Shaders don’t work like that. That instruction count is the size of the compiled program, not how many instructions are being executed based on the inputs. Also, dynamic flow control should be used with lots of care: it can actually hurt performance if misused.
GPUs contain a large number of “cores” (streaming processors) that execute shaders in parallel batches which are run in lockstep. This means that each shader instruction operates on the values of several pixels at once (32 on NVidia GPUs and 64 on AMD ones). When a dynamic branch is reached, if any of the threads in the batch diverge both sides of the branch will be executed for all threads with each one simply discarding the results of the untaken branch.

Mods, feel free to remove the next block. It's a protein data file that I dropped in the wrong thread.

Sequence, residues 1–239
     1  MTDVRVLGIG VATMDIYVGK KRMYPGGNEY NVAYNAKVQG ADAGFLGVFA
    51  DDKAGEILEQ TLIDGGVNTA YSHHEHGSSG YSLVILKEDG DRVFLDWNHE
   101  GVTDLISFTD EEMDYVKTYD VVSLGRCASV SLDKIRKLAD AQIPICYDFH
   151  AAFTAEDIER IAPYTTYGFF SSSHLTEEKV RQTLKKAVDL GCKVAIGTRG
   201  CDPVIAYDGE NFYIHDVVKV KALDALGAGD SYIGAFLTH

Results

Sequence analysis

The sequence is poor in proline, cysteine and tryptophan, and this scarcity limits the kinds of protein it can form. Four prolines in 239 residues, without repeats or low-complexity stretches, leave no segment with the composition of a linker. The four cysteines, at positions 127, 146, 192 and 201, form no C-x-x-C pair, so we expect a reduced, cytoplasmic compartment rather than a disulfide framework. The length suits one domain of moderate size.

Also, since the values of untaken branches are not kept, you cannot call DDX and DDY instructions inside branches. This means you also cannot rely on automatic mip map selection when sampling textures inside branches since those rely on derivative calculation (GPUs will try their best to guess the correct values, but there may be artifacts). You have to either specify mip level manually or use derivative values calculated outside a branch.